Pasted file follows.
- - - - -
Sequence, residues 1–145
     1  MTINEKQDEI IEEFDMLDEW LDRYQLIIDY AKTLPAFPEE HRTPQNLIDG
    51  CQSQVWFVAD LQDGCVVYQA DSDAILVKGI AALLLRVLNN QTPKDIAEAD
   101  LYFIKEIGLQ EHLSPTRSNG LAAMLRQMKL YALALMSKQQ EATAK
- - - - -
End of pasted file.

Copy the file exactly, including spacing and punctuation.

Sequence, residues 1–145
     1  MTINEKQDEI IEEFDMLDEW LDRYQLIIDY AKTLPAFPEE HRTPQNLIDG
    51  CQSQVWFVAD LQDGCVVYQA DSDAILVKGI AALLLRVLNN QTPKDIAEAD
   101  LYFIKEIGLQ EHLSPTRSNG LAAMLRQMKL YALALMSKQQ EATAK